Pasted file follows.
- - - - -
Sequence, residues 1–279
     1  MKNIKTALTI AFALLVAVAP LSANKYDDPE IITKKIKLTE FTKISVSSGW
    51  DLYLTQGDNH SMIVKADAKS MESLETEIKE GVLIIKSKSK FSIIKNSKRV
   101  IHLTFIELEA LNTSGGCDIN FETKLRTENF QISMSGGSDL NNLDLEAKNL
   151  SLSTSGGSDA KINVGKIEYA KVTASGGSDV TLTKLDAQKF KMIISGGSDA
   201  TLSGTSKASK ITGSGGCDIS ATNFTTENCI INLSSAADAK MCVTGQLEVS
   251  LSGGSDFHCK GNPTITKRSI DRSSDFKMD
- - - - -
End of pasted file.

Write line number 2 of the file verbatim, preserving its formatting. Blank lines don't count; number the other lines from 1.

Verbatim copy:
     1  MKNIKTALTI AFALLVAVAP LSANKYDDPE IITKKIKLTE FTKISVSSGW